Human Rights, Holocaust and The Law

This course will examine issues relating to the assault on human rights in the modern world, focusing primarily on genocidal practices by nations in the 20th century. The course will include the debate over the definition of human rights, the legal mechanisms for enforcing human rights, and the law of war and the Geneva Conventions. If law is designed to bring order to an otherwise chaotic world, then acts of genocide must represent the ultimate breakdown of those laws, and provide the evidence of just how fragile our claims to civilization actually are. The course will focus on some of the philosophical, political, psychological and legal explanations that have been offered to explain the existence of human rights violations and genocides. The course will also look at the psychological impact that such human rights atrocities have had on victims and survivors. In dealing with some of these issues, the course will focus on the Holocaust and the role that an elaborate and articulated system of German laws played in the de-emancipation and murder of German citizens and foreign nationals. The asserted uniqueness of the Holocaust will be examined in its relationship to prior and subsequent human rights abuses in this century.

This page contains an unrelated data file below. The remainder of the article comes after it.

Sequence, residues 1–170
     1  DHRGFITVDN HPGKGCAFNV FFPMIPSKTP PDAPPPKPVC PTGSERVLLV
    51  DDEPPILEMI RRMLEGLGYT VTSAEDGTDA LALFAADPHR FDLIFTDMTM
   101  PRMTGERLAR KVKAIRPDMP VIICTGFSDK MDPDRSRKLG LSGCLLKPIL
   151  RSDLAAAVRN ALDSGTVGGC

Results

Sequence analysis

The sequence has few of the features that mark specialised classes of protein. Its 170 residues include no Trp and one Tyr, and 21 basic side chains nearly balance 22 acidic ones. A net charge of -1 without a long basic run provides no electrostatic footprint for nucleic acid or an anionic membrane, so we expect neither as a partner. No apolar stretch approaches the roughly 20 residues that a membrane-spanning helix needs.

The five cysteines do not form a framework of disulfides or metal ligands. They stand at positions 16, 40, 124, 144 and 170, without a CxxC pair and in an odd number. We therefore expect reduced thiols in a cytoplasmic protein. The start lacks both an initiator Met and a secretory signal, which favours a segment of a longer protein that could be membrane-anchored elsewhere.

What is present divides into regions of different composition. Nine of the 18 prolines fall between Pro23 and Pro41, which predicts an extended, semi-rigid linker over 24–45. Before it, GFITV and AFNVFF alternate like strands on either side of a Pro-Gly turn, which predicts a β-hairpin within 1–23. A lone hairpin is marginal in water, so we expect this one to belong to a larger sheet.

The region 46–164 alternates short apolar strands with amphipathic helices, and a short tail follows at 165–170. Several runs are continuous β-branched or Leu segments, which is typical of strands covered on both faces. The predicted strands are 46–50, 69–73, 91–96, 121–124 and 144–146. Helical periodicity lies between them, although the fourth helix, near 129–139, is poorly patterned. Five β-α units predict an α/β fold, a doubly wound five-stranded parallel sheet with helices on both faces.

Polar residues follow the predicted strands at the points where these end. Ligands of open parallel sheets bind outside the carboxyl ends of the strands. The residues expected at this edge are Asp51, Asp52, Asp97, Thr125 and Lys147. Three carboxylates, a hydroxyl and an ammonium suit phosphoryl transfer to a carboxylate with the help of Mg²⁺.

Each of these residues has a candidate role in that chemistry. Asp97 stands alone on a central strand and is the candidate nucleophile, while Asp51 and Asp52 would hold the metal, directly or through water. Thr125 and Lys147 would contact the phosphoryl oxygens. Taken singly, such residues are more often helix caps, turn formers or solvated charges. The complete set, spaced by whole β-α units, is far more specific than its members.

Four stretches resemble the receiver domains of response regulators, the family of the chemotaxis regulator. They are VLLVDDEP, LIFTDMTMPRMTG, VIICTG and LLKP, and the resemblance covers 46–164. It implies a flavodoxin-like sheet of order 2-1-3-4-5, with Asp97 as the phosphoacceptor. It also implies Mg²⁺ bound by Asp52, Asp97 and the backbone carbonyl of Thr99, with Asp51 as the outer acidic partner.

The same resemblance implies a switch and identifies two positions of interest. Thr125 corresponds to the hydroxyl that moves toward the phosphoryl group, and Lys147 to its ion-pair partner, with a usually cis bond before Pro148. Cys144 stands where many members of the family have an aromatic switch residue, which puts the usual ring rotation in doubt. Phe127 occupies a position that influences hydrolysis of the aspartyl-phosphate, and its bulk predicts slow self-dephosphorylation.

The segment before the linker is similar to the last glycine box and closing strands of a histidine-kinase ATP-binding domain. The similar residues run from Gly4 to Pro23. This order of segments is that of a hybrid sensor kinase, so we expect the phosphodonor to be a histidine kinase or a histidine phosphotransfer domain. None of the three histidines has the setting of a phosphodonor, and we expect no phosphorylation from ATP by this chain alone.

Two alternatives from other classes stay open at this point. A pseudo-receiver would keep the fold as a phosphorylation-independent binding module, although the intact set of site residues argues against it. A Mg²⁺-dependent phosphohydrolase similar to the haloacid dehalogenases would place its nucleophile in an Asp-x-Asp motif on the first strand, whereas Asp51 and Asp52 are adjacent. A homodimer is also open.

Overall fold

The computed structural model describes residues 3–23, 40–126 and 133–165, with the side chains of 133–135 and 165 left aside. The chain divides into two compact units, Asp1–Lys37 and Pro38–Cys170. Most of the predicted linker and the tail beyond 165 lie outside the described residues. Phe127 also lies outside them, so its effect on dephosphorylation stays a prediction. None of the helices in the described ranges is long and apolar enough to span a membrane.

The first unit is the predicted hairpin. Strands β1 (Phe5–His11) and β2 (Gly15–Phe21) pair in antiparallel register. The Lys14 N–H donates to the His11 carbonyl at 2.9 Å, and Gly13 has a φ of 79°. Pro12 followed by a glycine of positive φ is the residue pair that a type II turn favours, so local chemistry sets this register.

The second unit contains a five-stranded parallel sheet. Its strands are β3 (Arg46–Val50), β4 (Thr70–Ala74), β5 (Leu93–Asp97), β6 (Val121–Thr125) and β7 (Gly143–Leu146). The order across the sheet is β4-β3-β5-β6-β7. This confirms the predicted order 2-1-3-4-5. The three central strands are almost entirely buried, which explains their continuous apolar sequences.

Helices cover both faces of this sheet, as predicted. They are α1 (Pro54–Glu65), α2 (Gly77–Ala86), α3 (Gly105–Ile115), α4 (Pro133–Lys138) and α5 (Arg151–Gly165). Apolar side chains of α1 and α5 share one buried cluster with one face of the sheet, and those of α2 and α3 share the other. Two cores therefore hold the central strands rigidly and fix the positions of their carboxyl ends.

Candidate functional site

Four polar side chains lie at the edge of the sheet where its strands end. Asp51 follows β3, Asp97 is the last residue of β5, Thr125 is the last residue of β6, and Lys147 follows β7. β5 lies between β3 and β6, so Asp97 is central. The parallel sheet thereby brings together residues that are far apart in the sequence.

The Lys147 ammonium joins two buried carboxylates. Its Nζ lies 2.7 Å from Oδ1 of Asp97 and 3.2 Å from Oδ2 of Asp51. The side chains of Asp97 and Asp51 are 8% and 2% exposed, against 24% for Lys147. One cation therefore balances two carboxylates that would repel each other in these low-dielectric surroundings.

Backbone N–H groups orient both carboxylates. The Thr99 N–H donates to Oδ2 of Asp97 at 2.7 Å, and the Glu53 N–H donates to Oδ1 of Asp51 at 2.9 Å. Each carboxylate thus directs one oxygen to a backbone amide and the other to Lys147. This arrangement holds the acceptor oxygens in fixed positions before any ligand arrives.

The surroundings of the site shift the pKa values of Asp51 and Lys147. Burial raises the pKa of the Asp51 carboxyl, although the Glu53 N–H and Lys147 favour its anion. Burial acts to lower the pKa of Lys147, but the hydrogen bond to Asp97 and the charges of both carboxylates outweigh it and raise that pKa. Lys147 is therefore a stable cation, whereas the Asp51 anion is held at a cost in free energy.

Credits: 3

Type: LEC

Does this course satisfy the writing requirement? No

Is this course open to LL.M. students? Yes

Do the credits of this course count toward the specialized program credits that students need for the International Law & Justice LL.M. Program? Yes